In FIG. 2, the vibration sensor 1 is screwed directly to a plate-shaped pulse detector 10. The pulse detector 10 is formed by a plate, which extends across part of or the whole width of the separator or threshing unit, and is preferably located vertically to the flow of harvested material. The vibration sensor 1 is screwed by a flat head screw 11 through the bore 7 to the pulse detector 10. The screw head 1 5 has a diameter which corresponds approximately to that of the diameter of the coupling surface, which results in a uniform surface pressure. An electronic evaluation system 12 is coupled directly to the vibration sensor 1, allowing weak measurement signals to be transmitted directly to the electronic evaluation system 12 without notable losses. The measurement signals are then transmitted via the signal line 13 communication network 40, or bus system 41 to a subsequent evaluation unit 12A, operational testing unit 38 or display unit 39.
In FIG. 3, the vibration sensor 1 is shown in conjunction with a tubular pulse detector 14. The pulse detector 14 extends over part of or over the totality of the separator or threshing unit width. The pulse detector 14 can also extend beyond the separator or threshing unit width so that the vibration sensor 1 is not exposed directly to the flow of material. An adapter 16, which contains a centrally located bore 18, is pressed into one tube end. The vibration sensor 1 is fastened with the aid of an elongate screw 17 into the bore 18.
FIG. 4 shows the underside of a plate-shaped pulse detector 10 with a mounted vibration sensor 1 and a mounted pulse emitter 21. This arrangement makes it possible to monitor the coupling point between the vibration sensor 1 and the pulse detector 10. The pulse detector 10 is subjected to a specific vibration by means of the pulse emitter 21. The evaluation, operational testing and display units are set to the excitation as known by definition. If the measured value does not lie in the predetermined or programmed desired vibrational range, then an error exists in the sensor system.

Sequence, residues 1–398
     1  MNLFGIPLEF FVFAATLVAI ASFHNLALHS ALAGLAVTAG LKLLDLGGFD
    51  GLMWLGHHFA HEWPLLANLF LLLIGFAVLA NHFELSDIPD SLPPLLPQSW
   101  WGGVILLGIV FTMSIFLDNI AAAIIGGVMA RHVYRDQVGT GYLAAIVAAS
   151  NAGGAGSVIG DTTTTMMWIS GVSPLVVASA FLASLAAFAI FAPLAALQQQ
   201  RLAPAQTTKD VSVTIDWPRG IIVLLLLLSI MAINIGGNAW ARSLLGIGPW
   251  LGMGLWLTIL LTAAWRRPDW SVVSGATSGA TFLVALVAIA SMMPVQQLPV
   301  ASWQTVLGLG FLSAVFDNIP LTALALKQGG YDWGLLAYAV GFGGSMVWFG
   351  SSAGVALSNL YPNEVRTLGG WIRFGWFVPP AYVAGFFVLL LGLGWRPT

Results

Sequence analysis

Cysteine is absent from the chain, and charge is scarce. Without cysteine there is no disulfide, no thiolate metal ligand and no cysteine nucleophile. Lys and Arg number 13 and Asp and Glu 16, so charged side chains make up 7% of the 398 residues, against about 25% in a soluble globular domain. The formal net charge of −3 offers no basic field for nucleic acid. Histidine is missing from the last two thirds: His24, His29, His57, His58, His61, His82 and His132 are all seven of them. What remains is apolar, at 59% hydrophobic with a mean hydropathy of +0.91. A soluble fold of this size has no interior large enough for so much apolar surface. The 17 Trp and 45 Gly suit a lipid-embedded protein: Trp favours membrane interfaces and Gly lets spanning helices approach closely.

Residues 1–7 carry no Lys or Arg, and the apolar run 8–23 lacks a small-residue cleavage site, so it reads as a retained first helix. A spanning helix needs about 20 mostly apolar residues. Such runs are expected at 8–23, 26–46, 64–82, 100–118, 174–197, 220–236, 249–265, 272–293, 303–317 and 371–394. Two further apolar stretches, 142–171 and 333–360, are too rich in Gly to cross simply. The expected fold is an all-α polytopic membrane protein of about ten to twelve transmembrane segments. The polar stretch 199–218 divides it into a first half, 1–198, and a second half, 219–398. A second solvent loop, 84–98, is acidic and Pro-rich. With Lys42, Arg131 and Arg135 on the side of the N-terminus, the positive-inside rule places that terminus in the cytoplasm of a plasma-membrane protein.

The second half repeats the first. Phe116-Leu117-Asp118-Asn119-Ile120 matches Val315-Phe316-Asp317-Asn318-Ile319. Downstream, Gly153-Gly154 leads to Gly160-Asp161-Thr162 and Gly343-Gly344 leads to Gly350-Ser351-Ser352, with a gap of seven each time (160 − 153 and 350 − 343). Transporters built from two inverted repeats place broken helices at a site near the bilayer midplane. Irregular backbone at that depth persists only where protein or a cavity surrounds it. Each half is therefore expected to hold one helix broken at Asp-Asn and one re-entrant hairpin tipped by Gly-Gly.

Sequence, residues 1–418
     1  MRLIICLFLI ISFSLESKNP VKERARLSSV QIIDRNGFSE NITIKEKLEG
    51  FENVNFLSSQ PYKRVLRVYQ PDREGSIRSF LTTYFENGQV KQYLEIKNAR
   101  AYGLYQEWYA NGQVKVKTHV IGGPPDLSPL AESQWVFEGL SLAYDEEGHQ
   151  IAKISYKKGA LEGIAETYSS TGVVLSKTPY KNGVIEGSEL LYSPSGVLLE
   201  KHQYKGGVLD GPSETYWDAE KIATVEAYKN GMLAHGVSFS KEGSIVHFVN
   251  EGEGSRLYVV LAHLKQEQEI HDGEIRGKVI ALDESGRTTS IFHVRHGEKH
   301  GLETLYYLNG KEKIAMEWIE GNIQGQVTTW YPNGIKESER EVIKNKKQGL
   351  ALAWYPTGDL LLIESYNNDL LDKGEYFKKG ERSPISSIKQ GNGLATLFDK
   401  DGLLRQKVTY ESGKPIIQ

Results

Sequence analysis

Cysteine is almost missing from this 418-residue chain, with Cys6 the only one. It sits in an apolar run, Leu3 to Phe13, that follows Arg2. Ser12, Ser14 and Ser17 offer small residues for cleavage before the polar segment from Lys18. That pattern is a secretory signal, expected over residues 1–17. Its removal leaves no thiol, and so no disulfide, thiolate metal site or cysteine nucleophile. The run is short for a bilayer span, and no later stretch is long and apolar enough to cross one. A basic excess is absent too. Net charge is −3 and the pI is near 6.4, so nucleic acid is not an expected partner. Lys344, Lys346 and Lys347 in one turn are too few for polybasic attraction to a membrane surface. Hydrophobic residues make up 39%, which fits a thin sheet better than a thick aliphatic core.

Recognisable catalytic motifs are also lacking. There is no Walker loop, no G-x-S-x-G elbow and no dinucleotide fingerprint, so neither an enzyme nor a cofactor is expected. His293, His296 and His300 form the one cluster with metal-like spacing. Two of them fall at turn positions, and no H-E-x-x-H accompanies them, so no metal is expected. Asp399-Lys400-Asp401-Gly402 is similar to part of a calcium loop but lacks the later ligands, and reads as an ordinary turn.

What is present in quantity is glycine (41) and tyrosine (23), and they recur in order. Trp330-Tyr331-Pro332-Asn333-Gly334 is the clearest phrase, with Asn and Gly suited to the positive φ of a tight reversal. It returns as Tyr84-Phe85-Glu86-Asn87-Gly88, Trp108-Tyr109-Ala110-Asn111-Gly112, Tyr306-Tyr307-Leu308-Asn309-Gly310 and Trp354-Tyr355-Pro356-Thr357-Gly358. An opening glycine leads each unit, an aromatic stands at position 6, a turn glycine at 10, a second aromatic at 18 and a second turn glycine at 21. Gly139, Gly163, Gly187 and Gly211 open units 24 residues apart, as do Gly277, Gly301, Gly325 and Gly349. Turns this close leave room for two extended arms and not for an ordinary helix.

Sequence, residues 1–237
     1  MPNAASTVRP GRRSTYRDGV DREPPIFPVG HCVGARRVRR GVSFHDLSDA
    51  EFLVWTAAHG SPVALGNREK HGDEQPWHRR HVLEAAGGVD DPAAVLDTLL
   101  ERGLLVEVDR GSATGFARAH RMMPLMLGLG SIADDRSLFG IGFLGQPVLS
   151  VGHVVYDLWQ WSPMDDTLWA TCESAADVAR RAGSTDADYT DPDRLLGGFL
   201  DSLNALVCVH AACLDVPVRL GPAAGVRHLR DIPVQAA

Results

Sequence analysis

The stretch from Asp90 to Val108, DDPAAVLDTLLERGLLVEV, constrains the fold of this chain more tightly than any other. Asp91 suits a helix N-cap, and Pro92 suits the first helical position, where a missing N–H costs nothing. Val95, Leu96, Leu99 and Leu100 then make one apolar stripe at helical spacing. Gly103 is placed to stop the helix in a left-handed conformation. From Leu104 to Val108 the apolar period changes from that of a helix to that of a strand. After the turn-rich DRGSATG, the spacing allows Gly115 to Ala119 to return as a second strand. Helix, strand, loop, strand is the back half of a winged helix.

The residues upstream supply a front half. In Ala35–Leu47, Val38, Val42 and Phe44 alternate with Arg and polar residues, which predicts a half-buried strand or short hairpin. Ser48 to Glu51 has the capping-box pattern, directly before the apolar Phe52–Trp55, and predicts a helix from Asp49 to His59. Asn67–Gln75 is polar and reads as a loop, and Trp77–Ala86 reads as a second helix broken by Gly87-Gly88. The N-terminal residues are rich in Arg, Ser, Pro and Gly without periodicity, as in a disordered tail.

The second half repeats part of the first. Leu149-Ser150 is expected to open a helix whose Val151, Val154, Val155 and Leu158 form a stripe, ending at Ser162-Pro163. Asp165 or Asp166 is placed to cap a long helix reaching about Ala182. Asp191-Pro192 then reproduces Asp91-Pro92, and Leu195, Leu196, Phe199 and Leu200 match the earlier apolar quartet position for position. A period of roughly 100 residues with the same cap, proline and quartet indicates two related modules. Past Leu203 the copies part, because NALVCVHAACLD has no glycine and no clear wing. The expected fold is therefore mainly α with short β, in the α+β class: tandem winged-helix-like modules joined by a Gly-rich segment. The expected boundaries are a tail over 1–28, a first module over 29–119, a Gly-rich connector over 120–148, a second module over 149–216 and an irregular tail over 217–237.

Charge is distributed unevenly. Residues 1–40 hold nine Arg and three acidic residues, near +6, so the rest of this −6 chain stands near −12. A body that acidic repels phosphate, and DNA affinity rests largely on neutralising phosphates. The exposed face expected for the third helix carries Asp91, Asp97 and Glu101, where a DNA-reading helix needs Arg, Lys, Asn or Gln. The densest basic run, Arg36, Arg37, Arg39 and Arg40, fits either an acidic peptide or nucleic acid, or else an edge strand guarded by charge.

Securing members 19 are attached to the ends of the pulse detector 10. These securing members 19 connect the sensor 23 to the harvesting machine by vibration dampers 20. A multiple flange 22, shown at the top of FIG. 4, serves to stabilize the pulse detector 10 and also provides a guide for conductors 24.
FIG. 5 shows a rod-like or cylindrical pulse detector 25 connected directly to a vibration sensor 1 with the aid of a headless screw 26. The headless screw 26 has a bore on its unthreaded end extending vertically to the longitudinal axis of the cylindrical pulse detector 25. The bore provides a means by which the vibration sensor 1 and pulse detector 25 is connected. The headless screw 26 with the pulse detector 25 is thrust through the vibration sensor 1 and screwed to a structural part 29, cast into a vibration damper 28, and provided with an internal thread. The peripheral surface of the pulse detector 25 is connected with a specific surface pressure to the vibration sensor 1 via the tightening moment of this screw connection. A further structural part 30 with a threaded pin is also cast into the vibration damper 28. By means of this threaded pin the sensor 23 can be connected directly to the harvesting machine via a retaining bracket 31. In conjunction with a cylindrical pulse detector 25, it has proven to be particularly advantageous if the coupling point is a direct connection of the vibration sensor 1 with the peripheral surface of the pulse detector 25. As a rule, pulse detectors 25 are inserted vertically to the direction of the flow of the harvested material crop. The pulse detector 25 is then stimulated radially by the material to be measured. This stimulation can be introduced via a structural part directly into the vibration center. The structural part may be, for example, the above described headless screw 26. The pulse detector 25 is secured directly to the vibration sensor 1 by means of the threaded portion on the structural part. The peripheral surface then has direct contact with the coupling surface 2.
FIG. 6 shows a plan view, not to scale, of the sensor 23 with the cylindrical pulse detector 25 also shown in FIG. 5. It can be seen that the sensor 23 can be inserted directly into the flow of harvested crop by reason of its simple, slim construction.